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By Eric Haas (about) (contact) and
Peter Ehrlich (about) (contact)
Sacramento's light rail system began operations in the state's capital in 1987. The system was built to be inexpensive, originally being 60% single track. Major funding for the original system came from canceling a new freeway project that was underway and diverting the funds to light rail instead. In fact, a section of the light rail system was built on the unfinished freeway structure.
Since the original opening, large portions of the system have been double tracked, a few stations have been added to fill in gaps, and the end of the Folsom Line has been extended a couple of miles to a new station. In September 2003, a new branch was completed heading south from downtown, and the Folsom Line is being extended 10 miles to finally reach Folsom.
The system still uses its original fleet of 36 Siemens-Duewag U2A cars, which are very similar to the trolleys in San Diego. 40 new vehicles from the Spanish firm Construcciones y Auxilar de Ferrocarriles (CAF) have been ordered to handle the service expansion of the south and Folsom lines.
A 15 minute headway is maintained throughout the day which drops to 30 minutes at night. During rush hour, trains double in length to 4 cars. Single cars are sometimes run on the weekend. Most of the bus lines have been reconfigured to serve as feeders for the light rail, thus reducing the bus traffic downtown.
We will begin our tour of light rail in Sacramento at the northeast end of the system, Watt/I-80. This station is built in the wide median of Interstate 80 on what was originally going to be the start of a new freeway. The station is located directly under the Watt Ave. overpass. There are stairs connecting the two, allowing transfers between light rail and the numerous buses that stop overhead on Watt Ave. There are also a number of rush hour busses that stop at track level.
As we leave Watt/I-80 and head southeast toward town, the line becomes single tracked and we stay on the unfinished freeway in the middle of I-80. Most of the unfinished freeway has been converted to a giant parking lot. The next station, Watt/I-80 West, is a lonely little stop that is only made upon request. It serves mainly as access to the Western half of the parking area.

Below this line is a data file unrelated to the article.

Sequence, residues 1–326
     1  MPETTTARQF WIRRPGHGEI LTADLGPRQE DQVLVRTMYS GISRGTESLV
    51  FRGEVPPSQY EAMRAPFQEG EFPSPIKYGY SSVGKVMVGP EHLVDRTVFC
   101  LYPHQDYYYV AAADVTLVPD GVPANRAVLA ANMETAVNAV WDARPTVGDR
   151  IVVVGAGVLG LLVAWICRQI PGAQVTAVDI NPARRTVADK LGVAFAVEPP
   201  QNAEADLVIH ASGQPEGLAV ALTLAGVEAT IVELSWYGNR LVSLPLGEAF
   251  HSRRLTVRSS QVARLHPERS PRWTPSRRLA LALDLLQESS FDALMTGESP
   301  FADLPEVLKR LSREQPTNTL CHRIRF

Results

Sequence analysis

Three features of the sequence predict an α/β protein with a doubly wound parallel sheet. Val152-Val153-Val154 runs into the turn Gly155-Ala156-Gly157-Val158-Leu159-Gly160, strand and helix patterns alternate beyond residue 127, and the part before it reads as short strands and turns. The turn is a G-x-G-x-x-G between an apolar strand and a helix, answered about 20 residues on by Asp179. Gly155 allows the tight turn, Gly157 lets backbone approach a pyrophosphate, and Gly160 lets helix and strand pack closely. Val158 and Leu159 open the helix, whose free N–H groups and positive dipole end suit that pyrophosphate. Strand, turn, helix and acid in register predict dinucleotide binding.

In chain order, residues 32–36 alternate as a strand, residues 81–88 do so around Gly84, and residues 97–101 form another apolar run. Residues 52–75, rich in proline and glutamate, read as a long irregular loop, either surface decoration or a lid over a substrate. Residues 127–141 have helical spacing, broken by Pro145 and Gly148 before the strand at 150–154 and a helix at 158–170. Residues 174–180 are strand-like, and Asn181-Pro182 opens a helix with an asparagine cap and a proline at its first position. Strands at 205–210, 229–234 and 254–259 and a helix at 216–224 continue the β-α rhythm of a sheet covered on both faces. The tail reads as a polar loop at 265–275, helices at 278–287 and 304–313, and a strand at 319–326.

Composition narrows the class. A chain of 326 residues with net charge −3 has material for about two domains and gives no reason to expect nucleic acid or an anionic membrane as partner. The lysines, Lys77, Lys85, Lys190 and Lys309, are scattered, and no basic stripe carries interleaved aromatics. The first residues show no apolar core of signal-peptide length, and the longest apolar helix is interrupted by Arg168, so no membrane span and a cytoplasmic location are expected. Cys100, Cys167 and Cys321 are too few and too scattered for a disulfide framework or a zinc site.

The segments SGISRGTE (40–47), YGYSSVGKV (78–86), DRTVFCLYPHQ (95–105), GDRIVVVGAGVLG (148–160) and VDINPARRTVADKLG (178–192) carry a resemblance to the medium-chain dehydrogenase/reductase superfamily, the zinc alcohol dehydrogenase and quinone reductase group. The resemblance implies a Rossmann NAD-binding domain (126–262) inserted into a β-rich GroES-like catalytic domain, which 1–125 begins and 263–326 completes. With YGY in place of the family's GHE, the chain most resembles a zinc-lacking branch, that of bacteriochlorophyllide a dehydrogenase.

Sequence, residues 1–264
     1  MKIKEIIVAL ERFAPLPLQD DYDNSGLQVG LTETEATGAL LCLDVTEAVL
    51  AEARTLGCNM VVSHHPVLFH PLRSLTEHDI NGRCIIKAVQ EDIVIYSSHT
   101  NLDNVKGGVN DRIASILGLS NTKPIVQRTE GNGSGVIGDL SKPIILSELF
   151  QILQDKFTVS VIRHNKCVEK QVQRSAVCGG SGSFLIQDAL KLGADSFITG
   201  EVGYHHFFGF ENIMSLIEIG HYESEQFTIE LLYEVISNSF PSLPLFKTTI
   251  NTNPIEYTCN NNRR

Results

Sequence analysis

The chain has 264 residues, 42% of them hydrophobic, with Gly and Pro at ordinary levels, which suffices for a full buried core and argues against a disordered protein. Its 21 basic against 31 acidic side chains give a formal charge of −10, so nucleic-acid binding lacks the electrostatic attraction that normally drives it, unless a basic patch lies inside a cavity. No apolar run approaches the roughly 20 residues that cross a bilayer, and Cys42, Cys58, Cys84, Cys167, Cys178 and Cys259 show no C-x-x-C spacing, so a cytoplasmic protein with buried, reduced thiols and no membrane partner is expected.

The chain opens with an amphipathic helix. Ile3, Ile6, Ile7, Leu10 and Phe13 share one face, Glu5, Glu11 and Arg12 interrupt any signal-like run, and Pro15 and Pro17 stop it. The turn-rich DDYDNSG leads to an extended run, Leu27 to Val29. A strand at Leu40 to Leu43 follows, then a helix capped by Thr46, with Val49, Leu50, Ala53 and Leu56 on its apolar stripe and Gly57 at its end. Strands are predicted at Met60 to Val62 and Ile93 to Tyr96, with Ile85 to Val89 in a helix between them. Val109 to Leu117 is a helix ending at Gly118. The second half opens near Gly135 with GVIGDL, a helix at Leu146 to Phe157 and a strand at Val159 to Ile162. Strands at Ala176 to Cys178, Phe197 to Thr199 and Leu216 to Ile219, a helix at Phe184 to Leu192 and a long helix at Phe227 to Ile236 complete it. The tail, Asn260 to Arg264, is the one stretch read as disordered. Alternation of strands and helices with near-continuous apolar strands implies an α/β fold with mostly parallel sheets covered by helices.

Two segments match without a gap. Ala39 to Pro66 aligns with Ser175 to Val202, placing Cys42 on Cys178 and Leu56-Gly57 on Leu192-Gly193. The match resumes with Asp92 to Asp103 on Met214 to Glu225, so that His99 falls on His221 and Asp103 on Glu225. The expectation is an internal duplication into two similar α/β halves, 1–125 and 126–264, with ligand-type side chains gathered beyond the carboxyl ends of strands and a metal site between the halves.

The line remains in the I-80 median until reaching the next stop of Roseville Road. After leaving Roseville Road, double track resumes. The line continues on the abandoned freeway structure until reaching the Union Pacific right of way, which it will follow the next few miles. The next stop is Marconi/Arcade followed by Swanston. The main train yard for the system is located between the two stations. Right after leaving Swanston, the line becomes single tracked and veers away from the Union Pacific right of way. A series of sharp curves are then negotiated to reach the next station, Royal Oaks.
The line then uses an abandoned Sacramento Northern right of way that follows city streets. The tracks parallel Arden Way until reaching Arden/Del Paso. The tracks then run down the middle of Del Paso Blvd. to reach the Globe Avenue station. After leaving Globe Avenue, the line becomes a single track to cross the American River and some railroad tracks. The line does not get its own bridge, but rather a reserved lane on the bridge for Del Paso Blvd.